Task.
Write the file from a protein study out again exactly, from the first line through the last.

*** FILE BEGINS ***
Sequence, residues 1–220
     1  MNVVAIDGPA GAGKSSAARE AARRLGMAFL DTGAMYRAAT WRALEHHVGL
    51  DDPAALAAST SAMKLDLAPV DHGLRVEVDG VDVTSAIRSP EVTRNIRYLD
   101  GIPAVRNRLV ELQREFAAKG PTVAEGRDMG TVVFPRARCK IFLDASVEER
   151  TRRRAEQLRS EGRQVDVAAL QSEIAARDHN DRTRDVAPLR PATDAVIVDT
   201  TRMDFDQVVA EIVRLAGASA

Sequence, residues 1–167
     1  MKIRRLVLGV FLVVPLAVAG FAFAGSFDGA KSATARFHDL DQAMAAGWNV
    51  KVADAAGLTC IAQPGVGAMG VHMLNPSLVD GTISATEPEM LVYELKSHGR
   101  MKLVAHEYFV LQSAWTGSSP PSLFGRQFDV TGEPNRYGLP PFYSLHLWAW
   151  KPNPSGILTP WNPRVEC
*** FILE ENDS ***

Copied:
Sequence, residues 1–220
     1  MNVVAIDGPA GAGKSSAARE AARRLGMAFL DTGAMYRAAT WRALEHHVGL
    51  DDPAALAAST SAMKLDLAPV DHGLRVEVDG VDVTSAIRSP EVTRNIRYLD
   101  GIPAVRNRLV ELQREFAAKG PTVAEGRDMG TVVFPRARCK IFLDASVEER
   151  TRRRAEQLRS EGRQVDVAAL QSEIAARDHN DRTRDVAPLR PATDAVIVDT
   201  TRMDFDQVVA EIVRLAGASA

Sequence, residues 1–167
     1  MKIRRLVLGV FLVVPLAVAG FAFAGSFDGA KSATARFHDL DQAMAAGWNV
    51  KVADAAGLTC IAQPGVGAMG VHMLNPSLVD GTISATEPEM LVYELKSHGR
   101  MKLVAHEYFV LQSAWTGSSP PSLFGRQFDV TGEPNRYGLP PFYSLHLWAW
   151  KPNPSGILTP WNPRVEC